Wednesday, January 02, 2013

African Neighbors Cooperate to Halt Rebels in Central African Republic

January 2, 2013, 7:29 p.m. ET.

African Neighbors Cooperate to Halt Rebels

Coalition Stalls Militant Offensive, in Shift From Reliance on the West


Chadian soldiers deployed Wednesday in Damara, the last strategic settlement between rebels and the Central African Republic's capital
JOHANNESBURG—Central African Republic President François Bozizé has turned to his neighbors for diplomatic leverage and military might to fend off a rebel advance—the latest conflict in which African nations have tried to defuse a crisis before Western powers are pressed to intervene.

As foreign troops arrived, rebel forces advancing on the capital, Bangui, said Wednesday they would halt their offensive and begin preparing for peace talks. The statement marked a departure from previous threats to take the capital and dropped a demand that Mr. Bozizé resign as a precondition to talks.

Since the offensive began three weeks ago, the capture of several key towns by the Seleka rebel coalition has sparked fears that the landlocked former French colony, known for its history of coups, military revolts and brutal rule, could once again descend into chaos.

The coalition of different insurgent and political groups has attempted to tap into popular frustrations with Mr. Bozizé, who seized power in a coup in 2003. The country remains fractured by religious fault lines and divisions between its more prosperous south and undeveloped, largely Muslim north.

"From today, I have asked our forces to maintain their positions because we want to enter talks for a political settlement," rebel spokesman Eric Massi said from Paris. "Our partners are discussing proposals to end the crisis, including a political transition."

The shift by rebels—who accuse Mr. Bozizé of failing to honor previous accords—came after other African countries sent troops to prevent the violent overthrow of his government.

A detachment of Gabonese soldiers flew to Bangui on Tuesday, joining a 400-strong contingent from Chad and 120 troops from the Republic of Congo, who were deployed at the beginning of the week. Cameroon is expected to send forces by Friday.

The use of African military muscle is a change from the days when former colonial master France intervened in battles to control Central African Republic, as it did in 2007 and 1979.

France still has about 600 troops in the country. President François Hollande said last week the French military presence wasn't aimed at "protecting a regime," only its citizens and other interests.

African countries are also using their collective diplomatic weight in an effort to resolve the conflict. African Union leaders have praised the troop deployments to Central African Republic as a means to stabilize the security situation. The AU has also dispatched a special representative to Gabon to lay the groundwork for talks, which could begin as early as next week.

The collective response in the Central African Republic follows other such forays into the continent's most intractable crises.

In September, a joint Kenyan and African Union force struck a blow against the al Qaeda-linked militia al-Shabaab, driving it from the Somalia port city of Kismayo. The group survives, however, and has been blamed for a spate of recent attacks in Mogadishu.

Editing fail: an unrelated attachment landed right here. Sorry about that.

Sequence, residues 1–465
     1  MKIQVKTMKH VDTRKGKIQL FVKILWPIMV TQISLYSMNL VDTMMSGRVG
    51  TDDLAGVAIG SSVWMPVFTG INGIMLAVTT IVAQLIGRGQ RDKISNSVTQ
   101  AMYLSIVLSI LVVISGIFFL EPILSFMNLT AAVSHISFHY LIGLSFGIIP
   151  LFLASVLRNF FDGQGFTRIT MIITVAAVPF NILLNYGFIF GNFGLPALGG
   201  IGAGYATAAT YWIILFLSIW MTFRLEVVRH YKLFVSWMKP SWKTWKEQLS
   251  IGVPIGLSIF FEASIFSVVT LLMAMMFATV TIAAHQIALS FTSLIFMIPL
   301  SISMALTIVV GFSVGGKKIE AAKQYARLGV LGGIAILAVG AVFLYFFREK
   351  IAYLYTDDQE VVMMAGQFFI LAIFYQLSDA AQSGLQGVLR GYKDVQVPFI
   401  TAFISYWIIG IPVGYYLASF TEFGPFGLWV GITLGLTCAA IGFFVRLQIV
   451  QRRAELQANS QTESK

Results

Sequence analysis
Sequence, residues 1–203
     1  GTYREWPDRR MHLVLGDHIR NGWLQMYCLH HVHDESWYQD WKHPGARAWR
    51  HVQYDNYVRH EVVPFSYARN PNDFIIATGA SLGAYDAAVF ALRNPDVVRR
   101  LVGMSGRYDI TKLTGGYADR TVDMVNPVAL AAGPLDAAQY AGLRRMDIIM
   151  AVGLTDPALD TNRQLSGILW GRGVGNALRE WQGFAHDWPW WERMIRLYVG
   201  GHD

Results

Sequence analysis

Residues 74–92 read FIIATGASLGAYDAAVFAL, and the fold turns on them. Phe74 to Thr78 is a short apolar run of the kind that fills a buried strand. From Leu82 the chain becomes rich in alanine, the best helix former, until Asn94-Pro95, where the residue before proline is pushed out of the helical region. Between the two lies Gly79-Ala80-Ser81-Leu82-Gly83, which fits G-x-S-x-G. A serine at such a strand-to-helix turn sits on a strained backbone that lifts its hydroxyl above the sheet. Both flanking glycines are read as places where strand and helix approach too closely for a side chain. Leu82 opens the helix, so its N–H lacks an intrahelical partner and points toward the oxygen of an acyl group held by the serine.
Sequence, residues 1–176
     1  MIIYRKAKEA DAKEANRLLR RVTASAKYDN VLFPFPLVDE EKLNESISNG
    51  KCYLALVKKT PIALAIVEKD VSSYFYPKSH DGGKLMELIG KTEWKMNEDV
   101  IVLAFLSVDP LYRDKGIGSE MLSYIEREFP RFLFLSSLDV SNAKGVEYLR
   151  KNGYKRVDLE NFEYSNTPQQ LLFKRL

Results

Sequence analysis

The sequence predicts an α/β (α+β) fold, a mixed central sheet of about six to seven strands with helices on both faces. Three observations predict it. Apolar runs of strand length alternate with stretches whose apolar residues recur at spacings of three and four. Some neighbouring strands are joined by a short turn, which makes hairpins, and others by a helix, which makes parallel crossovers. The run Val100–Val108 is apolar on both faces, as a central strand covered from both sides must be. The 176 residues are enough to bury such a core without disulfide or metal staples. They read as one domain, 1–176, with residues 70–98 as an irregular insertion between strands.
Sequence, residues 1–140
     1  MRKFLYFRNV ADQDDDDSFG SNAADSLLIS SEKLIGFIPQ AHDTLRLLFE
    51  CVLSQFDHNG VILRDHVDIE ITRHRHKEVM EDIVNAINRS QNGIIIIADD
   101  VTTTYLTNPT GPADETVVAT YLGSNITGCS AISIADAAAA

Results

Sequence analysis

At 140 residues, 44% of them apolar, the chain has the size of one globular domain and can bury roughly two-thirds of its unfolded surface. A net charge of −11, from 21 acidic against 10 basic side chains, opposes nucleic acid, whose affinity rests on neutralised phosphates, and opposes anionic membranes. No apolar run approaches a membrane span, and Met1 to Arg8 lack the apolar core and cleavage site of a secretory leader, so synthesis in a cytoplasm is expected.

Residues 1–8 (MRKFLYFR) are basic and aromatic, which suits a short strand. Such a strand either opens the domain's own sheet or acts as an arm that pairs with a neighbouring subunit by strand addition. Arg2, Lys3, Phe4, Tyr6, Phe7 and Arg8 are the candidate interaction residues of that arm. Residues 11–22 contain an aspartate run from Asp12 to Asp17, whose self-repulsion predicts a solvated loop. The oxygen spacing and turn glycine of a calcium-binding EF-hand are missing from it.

More recently, renewed fighting in the eastern Democratic Republic of Congo was quickly halted after regional leaders encouraged the peace talks that are now under way in Uganda.

Nations across West Africa are planning to deploy thousands of soldiers to northern Mali to help government troops try to dislodge Islamist fighters linked to an al Qaeda offshoot, al Qaeda in the Islamic Maghreb.

Many past African conflicts festered as African nations struggled to agree to intervene. In the Ivory Coast, a disputed election result led to months of unrest; in Libya, the African Union, led by South Africa, refused to recognize rebels attempting to overthrow the regime of Moammar Gadhafi. As a result, Africa's diplomats were shunted aside while France, the U.S. and other Western countries took lead roles in tackling the conflicts.

The standoff between Mr. Bozizé and the Seleka rebel movement is likely to be tough. Like other countries on the resource-rich continent, Central African Republic is home to largely untapped diamond and uranium deposits—and entrenched conflicts. Most of the rebels are Muslims from the poorer northern areas marching toward the predominantly Christian south.

The campaign by Seleka, launched in early December, brought rapid territorial gains, including the diamond-trading town of Bria. Their progress has since slowed as regional powers became involved.

Chad's forces are deployed in Damara, the last strategic settlement between the rebels and the capital. Chad's President Idriss Déby is an ally of Mr. Bozizé and head of the central African regional bloc.

Though some questions persist over the legitimacy of Mr. Bozizé's rule, even after elections in 2005 and 2011, neighbors are keen to preserve regional stability, said Thierry Vircoulon, Central Africa project director at the International Crisis Group. "The African Union doesn't want a government to be overthrown," he said. "This is a big test."

—David Gauthier-Villars in Paris and Emmanuel Tumanjong in Douala contributed to this article.
Write to Alexis Flynn at

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